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See also liqueur

EnglishModificar

EtymologyModificar

From Middle English < licor < Patrono:Xno[[Category:Patrono:Xno derivations|Liquor]] licur < Latin liquor (fluidity, liquidness, a fluid, a liquid) < liquere (to be fluid or liquid)[1]; see liquid.

PronunciationModificar

NounModificar

Singular
Liquor

Plural
countable and uncountable; plural Liquors

Liquor (countable and uncountable; plural Liquors)
  1. (obsolete in general sense) A liquid; later, a drinkable liquid.
  2. A liquid obtained by cooking meat or vegetables (or both).
  3. Patrono:Chiefly Strong alcoholic drink derived from fermentation and distillation.

SynonymsModificar

  • (strong alcoholic drink): spirits (British and Australasian English)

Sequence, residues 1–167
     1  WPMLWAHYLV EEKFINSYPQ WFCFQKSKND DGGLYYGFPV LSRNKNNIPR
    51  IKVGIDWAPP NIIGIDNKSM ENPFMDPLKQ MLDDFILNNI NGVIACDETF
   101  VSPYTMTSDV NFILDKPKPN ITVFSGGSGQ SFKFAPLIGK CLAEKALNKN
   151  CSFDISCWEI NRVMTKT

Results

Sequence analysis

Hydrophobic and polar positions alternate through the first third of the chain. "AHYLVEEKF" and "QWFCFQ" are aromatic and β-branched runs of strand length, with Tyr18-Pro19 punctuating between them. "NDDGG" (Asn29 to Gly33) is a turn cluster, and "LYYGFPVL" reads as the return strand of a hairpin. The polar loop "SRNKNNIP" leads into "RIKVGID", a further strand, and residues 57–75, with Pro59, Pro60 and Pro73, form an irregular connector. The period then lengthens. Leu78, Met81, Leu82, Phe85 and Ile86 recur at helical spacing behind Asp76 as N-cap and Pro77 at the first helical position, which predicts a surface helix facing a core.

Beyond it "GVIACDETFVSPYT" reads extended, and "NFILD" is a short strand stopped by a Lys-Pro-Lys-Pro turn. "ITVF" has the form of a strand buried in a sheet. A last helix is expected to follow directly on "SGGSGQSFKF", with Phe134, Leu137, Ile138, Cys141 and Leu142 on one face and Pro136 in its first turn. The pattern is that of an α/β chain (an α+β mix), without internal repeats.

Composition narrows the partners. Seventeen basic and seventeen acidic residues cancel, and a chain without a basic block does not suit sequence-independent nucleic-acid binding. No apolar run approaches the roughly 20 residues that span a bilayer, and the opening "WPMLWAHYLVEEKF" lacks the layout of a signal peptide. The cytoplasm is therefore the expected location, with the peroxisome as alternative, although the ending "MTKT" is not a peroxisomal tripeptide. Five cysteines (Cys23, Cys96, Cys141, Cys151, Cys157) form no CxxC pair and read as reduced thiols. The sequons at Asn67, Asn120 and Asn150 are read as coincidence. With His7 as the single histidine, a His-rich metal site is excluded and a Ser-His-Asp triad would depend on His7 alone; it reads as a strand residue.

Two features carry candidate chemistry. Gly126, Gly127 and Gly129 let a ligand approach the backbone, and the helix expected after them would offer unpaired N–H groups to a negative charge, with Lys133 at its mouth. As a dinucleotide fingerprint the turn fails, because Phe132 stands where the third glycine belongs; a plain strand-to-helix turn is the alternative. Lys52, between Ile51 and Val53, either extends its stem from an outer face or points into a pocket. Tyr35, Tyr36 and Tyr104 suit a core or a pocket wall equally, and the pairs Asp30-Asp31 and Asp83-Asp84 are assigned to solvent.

• (liquid obtained by cooking food): stock, pot liquor (American English)

Derived termsModificar

Related termsModificar

TranslationsModificar

VerbModificar

Infinitive
to Liquor

Third person singular
Liquors

Simple past
Liquored

Past participle
Liquored

Present participle
Liquoring

to Liquor (third-person singular simple present Liquors, present participle Liquoring, simple past and past participle Liquored)
  1. (intransitive) To drink liquor, usually to excess.
  2. (transitive) To cause someone to drink liquor, usually to excess.

ReferencesModificar


LatinModificar

EtymologyModificar

From liqueo (I am liquid, fluid)

NounModificar

Liquor

  1. fluidity, liquidity

External linksModificar

  • liquor in The Century Dictionary, The Century Co., New York, 1911
  • Liquor” in Charlton T. Lewis & Charles Short, A Latin Dictionary, Oxford: Clarendon Press, 1879

VerbModificar

liquor

  1. first-person singular present Patrono:Conjugation tag pass indicative of liquō.

de:liquor fa:liquor fr:liquor ko:liquor io:liquor kn:liquor hu:liquor ml:liquor nl:liquor pl:liquor ru:liquor ta:liquor te:liquor vi:liquor zh:liquor

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